Macau Economy Finally Trending in Better Direction

Posted on: August 31, 2016, 05:00h. 

Last updated on: August 31, 2016, 04:28h.

Macau economy casino revenue Steve Wynn
It’s certainly not the ideal environment Steve Wynn envisioned when he first developed Wynn Palace Macau, but economic data points seem to suggest the Macau economy is finally ready to stabilize. (Image: Brent Lewin/Bloomberg)

The Macau economy has been in a two-year downward spiral and that trend continued in the second quarter of 2016.

The Chinese special administrative region saw its gross domestic product (GDP) fall 7.1 percent. While that would be devastating news to most countries, in Macau a 7.1 percent decline is actually being viewed as a positive.

Some are even saying the recession is easing.

The casino industry in Macau accounts for over 60 percent of the city-state’s economy. For 26 months, gaming revenue has nosedived after government officials on the mainland, most notably People’s Republic President Xi Jinping, have taken steps to crackdown on VIP junket operators catering to China’s elite.

But casinos are slowly recovering and year-over-year percentage losses are inching out of the deep red. Gross revenues from gambling dropped 9.2 percent in Q2, a welcomed statistic considering monthly percentage losses reached 40 percent in 2015.

Junkets Junked

It’s hard to imagine the scope of Macau’s gambling industry for those who haven’t been.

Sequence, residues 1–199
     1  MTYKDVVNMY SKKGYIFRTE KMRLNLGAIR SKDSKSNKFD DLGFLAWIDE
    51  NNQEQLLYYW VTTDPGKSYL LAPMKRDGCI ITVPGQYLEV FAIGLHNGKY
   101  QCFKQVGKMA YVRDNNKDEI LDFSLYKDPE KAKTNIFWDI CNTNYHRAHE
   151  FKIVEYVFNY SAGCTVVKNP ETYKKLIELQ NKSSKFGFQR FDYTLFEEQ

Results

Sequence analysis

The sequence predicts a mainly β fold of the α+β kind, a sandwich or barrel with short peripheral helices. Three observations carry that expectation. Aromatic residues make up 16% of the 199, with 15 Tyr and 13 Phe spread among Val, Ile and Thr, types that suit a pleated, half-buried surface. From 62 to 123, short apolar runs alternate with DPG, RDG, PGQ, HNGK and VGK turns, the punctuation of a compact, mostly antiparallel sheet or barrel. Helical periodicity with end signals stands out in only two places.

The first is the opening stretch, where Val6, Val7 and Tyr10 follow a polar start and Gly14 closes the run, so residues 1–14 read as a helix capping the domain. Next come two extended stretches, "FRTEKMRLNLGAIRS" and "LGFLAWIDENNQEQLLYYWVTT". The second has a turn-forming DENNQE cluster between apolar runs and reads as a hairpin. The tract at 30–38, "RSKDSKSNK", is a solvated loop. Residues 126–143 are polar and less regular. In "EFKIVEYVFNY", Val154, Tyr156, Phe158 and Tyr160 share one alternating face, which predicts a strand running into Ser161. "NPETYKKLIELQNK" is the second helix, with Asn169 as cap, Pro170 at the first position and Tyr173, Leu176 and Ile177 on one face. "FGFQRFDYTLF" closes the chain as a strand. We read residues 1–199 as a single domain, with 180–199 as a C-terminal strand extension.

The only area where casinos are permitted in China, Macau’s nearly three-dozen gambling venues pulled in $43.9 billion in 2013. Gambling income alone would place Macau in the top 85 richest countries in 2016 according to the World Bank.

Las Vegas’ best casino financial performance came in 2007 when the city pulled in $6.8 billion.

Macau was largely built by marketing to China’s affluent demographic.

Often from Hong Kong, many wealthy citizens traveled to Macau to gamble with lent money from junket operators. The touring companies also provided “free” perks like meals and lodging.

But it was all just a clever way for Chinese citizens to move money out from under the government’s control. The upper class, like in most countries, is heavily taxed in China.

The junkets encountered heavy seas over the next two years, and Macau casino private rooms went vacant. The $43.9 billion generated in 2013 downshifted to just $28.8 billion in 2015.

Billionaires Know Best

Investing in a market that saw revenues plunge 34 percent in two years is a risk few would take. But for billionaires Steve Wynn and Sheldon Adelson, Macau remained an investment opportunity.

The Las Vegas-based casino magnates are both opening new Macau resorts on the Cotai Strip. Coined by Adelson’s Las Vegas Sands Corp, the Cotai Strip is a land reclamation project that joined Coloane and Taipa islands together in Macau.

The Strip has become the new center of Macau gambling.

Wynn Palace Macau opened there on August 22, 2016, and Adelson’s The Parisian will follow next month to coincide with The Venetian. MGM is also developing a Cotai property that’s expected to open in 2017.

Of course, the new resorts took billions of dollars to build and years of planning. It’s not as if Wynn and Adelson decided to move forward after Macau’s economic collapse.

But with one hand in the cookie jar, the two decided to try and grab the entire jar.

Most analysts believe that can be accomplished by making Macau more family friendly. Wynn and Adelson apparently agree, as their new Cotai resorts feature water parks, play zones, cable cars, and water spectacles.

Adelson remains bullish on Macau.

“I mentioned in January of last year that I believe we were seeing the first signs of stabilization in the Macau mass market,” Adelson said in July.